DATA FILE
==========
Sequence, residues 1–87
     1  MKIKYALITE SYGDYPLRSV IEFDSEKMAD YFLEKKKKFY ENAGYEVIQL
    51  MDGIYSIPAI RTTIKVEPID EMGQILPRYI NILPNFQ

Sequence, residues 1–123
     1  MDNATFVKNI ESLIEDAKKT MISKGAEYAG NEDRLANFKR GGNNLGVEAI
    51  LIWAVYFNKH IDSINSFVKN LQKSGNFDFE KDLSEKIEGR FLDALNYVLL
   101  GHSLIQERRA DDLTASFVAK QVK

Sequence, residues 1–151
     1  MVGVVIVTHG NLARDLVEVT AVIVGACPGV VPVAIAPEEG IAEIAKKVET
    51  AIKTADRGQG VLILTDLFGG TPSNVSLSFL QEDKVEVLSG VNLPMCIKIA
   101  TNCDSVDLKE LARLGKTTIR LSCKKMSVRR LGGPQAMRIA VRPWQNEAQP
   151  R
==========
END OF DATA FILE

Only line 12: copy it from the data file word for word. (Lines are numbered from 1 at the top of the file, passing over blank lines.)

   151  R